Castletown, in the words of Kevin B. Nowlan, former Professor of Modern History, is an Italian palace set on the banks of the River Liffey.
At the time it was built, contemporary commentators expected it to be no less than ‘the epitome of the Kingdom, and all the rarities she can afford’. It is indeed not only the greatest of Irish houses, but also home to a significant collection of paintings, furnishings and objects, many associated with the house since the eighteenth century. This is extraordinary, considering that most contents from the house were dispersed at various auctions, the largest one held at Castletown over three days in April 1966. It explains why Castletown was considered a leading conservation and restoration project after the Hon. Desmond Guinness bought it in 1967 and, with the help of the Irish Georgian Society, opened it to the public. He himself had been able to acquire a significant number of original contents – including important family portraits, statues, furniture and the set of three Murano glass chandeliers – from Lord Conolly-Carew before the auction, which he then returned to Castletown. Over the years, many benefactors generously gave or loaned other important items, contributing to the exquisite collection on display today. Their generosity and kindness is acknowledged in the house and is recorded in Castletown: Decorative Arts, the detailed catalogue of our collection published in 2011.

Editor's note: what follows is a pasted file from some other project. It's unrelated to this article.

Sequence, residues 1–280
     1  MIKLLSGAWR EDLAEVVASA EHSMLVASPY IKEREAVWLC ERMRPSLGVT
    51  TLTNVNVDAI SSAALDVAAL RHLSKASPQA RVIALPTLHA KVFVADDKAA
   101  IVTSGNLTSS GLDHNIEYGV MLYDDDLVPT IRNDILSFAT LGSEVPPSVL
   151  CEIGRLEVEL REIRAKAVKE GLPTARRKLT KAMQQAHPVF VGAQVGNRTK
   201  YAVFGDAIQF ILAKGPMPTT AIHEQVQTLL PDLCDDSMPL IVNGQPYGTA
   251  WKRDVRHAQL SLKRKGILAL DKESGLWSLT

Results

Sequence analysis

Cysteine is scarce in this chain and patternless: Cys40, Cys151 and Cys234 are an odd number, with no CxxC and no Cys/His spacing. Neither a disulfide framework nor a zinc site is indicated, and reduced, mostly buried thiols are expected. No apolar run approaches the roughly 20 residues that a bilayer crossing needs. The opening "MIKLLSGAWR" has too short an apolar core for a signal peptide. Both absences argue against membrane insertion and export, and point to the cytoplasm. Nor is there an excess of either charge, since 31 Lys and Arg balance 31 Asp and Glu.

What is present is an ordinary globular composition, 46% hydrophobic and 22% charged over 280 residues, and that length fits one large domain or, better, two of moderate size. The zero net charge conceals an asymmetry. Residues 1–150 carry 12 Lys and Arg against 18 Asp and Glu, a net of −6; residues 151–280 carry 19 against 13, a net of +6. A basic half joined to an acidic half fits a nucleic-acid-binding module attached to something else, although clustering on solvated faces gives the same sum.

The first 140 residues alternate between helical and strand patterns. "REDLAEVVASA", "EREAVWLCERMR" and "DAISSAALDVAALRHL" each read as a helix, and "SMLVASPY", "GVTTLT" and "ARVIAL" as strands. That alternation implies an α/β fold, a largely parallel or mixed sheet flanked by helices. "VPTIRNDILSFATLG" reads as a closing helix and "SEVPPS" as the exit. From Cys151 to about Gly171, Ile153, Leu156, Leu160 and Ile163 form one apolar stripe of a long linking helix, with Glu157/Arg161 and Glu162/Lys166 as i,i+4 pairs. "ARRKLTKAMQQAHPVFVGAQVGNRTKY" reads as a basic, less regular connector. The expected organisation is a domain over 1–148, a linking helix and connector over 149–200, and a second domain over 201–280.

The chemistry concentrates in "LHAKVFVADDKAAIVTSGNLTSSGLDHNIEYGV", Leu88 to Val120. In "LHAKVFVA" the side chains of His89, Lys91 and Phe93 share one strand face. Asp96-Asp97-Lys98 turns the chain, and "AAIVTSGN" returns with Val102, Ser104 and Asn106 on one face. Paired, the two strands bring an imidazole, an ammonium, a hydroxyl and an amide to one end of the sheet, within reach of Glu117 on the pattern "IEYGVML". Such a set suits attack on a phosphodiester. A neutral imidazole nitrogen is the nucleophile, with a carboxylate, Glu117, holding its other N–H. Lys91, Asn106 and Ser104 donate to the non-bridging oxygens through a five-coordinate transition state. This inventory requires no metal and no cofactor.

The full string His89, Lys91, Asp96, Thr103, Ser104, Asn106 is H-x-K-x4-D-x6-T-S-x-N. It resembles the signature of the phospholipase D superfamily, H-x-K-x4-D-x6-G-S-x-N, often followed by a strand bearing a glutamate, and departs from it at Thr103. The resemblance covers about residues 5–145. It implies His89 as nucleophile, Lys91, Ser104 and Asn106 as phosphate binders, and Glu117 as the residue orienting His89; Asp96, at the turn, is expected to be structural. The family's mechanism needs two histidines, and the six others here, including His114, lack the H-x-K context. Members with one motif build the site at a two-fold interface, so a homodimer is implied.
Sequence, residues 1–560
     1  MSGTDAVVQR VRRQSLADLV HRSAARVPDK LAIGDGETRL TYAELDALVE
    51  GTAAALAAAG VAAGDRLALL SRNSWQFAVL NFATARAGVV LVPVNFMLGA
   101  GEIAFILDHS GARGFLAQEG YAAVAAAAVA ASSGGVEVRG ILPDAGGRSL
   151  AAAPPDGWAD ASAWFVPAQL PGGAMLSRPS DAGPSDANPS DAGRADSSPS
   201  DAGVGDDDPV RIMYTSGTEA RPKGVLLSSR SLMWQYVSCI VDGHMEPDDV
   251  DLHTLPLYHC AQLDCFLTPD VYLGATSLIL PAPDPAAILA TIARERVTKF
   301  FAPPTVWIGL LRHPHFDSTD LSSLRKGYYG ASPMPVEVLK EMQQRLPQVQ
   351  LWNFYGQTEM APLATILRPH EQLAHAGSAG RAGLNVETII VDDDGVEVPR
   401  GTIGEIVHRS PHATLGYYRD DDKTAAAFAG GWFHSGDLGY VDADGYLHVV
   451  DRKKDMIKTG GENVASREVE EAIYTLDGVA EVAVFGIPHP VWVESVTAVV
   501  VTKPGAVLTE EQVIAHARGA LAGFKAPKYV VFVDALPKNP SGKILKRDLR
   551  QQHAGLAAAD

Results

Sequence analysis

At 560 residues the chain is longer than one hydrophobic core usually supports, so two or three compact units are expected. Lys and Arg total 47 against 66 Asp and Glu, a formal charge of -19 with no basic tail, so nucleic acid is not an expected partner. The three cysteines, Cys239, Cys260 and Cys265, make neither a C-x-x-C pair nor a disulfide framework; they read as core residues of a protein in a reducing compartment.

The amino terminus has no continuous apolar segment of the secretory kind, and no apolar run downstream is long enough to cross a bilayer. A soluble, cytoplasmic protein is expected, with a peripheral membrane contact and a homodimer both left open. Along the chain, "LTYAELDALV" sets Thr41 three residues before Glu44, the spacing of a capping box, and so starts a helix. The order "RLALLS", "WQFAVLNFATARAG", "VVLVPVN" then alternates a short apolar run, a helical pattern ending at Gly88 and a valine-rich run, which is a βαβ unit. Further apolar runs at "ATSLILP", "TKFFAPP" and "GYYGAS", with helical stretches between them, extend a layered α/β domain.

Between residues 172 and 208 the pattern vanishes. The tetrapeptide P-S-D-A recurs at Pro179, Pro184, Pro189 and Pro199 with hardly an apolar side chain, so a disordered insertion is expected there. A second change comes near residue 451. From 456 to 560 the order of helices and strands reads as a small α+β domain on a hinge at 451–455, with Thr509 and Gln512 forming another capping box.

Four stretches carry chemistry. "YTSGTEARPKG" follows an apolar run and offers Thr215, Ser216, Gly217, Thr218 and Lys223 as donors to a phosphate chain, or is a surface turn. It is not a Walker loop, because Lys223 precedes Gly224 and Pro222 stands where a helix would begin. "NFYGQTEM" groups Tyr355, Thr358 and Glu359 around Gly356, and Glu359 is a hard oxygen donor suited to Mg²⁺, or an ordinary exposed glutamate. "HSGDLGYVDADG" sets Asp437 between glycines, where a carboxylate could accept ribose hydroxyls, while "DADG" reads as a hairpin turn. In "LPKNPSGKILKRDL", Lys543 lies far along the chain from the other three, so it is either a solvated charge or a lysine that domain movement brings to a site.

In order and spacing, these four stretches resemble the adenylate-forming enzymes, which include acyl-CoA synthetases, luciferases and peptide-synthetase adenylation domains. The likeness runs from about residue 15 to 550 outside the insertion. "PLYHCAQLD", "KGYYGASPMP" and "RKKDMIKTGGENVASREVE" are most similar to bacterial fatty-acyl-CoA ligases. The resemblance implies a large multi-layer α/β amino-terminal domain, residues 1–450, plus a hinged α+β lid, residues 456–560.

Most items in the collection today belong to the Castletown Foundation, which between 1979 and 1994 owned and managed Castletown. When the house passed into state ownership, the collection was given on long-term loan to the Office of Public Works (OPW). In the more than two decades since, the OPW has been working closely with the Castletown Foundation on the presentation of the house and, together, they have secured additional items for the collection, both through purchase and generous loans. For example, in 2014 OPW identified, purchased and repatriated a pair of fine French corner cabinets which had been commissioned by Lady Louisa Conolly. They are now back in the Red Drawing Room where they used to be.